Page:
Sempra Energy Trading, a marketing unit of San Diego Gas & Electric Co.’s parent corporation, admitted that it ceased selling power to the state for what could have been a critical 30 minutes Monday.

A spokesman for the trading company said it halted sales for the half-hour because it was unsure about where the ISO would set maximum prices during the first power emergency under the new caps.

When power emergencies are called under the FERC plan, a new price cap is set based on the cost of operating the least efficient, most costly electric generating plant. Because the identity of that plant is unknown beforehand, the selling price is set retrospectively by the ISO.

“It was unclear to the traders what the proxy price would be,” said Doug Kline, a Sempra spokesman, who emphasized that the company’s trading unit resells power generated by other companies. “So it was unclear whether the ISO would come back later and say, ‘You purchased power at $70 per megawatt-hour but we’re only going to pay you $60.’ ”

For its part, the ISO said the impact of price controls on electricity supplies during emergencies is still unclear. The controls this week kept emergency prices Monday from a little over $70 per megawatt-hour to a high of about $90. FERC’s nonemergency price cap has been about $92 per megawatt-hour.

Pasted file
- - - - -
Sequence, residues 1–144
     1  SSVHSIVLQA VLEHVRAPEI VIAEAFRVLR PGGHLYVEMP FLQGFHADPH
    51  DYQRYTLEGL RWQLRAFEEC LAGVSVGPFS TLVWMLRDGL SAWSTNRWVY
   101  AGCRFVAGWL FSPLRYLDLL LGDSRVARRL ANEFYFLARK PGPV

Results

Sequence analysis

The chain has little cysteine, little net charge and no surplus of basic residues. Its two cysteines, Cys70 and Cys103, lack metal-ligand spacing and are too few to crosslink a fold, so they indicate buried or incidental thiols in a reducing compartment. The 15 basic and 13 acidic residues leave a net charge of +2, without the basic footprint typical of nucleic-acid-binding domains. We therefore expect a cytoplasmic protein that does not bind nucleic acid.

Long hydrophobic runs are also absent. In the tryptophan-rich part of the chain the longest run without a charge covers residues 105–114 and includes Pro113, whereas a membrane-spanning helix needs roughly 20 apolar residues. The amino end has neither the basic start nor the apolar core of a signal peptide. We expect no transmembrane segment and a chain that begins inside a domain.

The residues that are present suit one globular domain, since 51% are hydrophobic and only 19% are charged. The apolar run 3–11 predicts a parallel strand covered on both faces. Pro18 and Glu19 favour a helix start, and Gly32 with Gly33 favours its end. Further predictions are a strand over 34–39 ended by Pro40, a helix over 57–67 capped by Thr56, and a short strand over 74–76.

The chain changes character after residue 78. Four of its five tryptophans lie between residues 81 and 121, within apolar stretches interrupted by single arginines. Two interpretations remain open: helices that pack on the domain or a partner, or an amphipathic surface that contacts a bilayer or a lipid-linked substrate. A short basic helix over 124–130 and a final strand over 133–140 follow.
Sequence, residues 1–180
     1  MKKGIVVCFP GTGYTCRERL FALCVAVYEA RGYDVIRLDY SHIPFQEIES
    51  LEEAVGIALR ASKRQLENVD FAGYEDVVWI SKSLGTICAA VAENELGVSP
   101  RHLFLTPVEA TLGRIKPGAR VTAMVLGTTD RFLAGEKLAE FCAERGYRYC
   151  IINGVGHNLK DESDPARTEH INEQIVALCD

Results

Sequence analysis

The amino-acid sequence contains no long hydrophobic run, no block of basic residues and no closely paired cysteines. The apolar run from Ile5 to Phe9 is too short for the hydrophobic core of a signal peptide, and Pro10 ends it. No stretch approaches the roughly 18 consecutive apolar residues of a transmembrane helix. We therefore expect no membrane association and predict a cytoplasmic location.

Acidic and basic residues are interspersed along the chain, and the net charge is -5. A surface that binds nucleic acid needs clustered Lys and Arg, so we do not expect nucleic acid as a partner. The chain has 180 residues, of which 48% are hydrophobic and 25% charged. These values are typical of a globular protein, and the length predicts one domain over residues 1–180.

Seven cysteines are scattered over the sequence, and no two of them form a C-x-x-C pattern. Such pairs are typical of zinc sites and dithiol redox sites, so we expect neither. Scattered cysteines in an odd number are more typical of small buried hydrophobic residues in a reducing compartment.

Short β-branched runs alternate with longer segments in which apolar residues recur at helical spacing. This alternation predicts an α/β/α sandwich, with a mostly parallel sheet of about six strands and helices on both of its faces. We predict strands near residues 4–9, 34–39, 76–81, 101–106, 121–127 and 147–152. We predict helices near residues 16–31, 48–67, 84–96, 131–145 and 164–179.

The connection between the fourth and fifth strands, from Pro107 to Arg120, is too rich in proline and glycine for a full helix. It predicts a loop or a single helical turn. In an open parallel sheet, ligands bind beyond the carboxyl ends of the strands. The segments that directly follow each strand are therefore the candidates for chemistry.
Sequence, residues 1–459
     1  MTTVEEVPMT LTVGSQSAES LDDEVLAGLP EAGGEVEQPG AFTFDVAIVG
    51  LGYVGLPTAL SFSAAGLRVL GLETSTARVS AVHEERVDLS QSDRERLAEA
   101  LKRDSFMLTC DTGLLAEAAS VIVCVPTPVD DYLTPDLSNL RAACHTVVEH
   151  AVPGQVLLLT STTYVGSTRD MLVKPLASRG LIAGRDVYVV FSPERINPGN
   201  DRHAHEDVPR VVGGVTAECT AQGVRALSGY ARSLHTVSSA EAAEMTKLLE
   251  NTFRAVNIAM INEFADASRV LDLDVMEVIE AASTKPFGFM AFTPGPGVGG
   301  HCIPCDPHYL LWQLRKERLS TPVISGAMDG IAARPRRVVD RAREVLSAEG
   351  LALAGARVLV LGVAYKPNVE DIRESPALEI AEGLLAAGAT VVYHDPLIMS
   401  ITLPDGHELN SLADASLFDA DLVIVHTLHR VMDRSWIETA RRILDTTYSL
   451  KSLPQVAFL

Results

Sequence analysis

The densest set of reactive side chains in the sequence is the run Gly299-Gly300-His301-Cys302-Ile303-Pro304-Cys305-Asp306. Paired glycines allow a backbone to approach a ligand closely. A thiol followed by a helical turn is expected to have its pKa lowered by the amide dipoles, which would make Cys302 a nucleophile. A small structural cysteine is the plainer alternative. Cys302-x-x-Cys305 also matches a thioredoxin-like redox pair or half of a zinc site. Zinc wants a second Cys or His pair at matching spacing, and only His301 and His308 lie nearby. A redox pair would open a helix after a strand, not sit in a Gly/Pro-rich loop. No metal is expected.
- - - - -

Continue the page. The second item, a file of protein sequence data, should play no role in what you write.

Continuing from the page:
Earlier this year, the average price per megawatt-hour was nearly $300. Before the power crisis hit last year, the price was about $30.

The ISO said several factors other than the price controls might have contributed to tight supplies this week, including plant shutdowns in other states and the regional heat wave.

But a spokeswoman for Nevada Power said the utility believed the price caps, or confusion over their implementation, had contributed to a power shortfall that led to blackouts Monday. The utility fell about 100 megawatts short of its need as temperatures in some of its service areas hit 122 degrees.

“Power is tight in the region,” said Sonya Heagen of Nevada Power. “What tipped it over (for southern Nevada) was several utilities decided to hold back power.”

Gary Ackerman, executive director of the Western Power Trading Forum, an industry group, said the FERC’s price-control plan fails to allow the recovery of electricity transportation costs. That has the effect of keeping electricity in the region in which it is generated, rather than where it might be needed most, he said.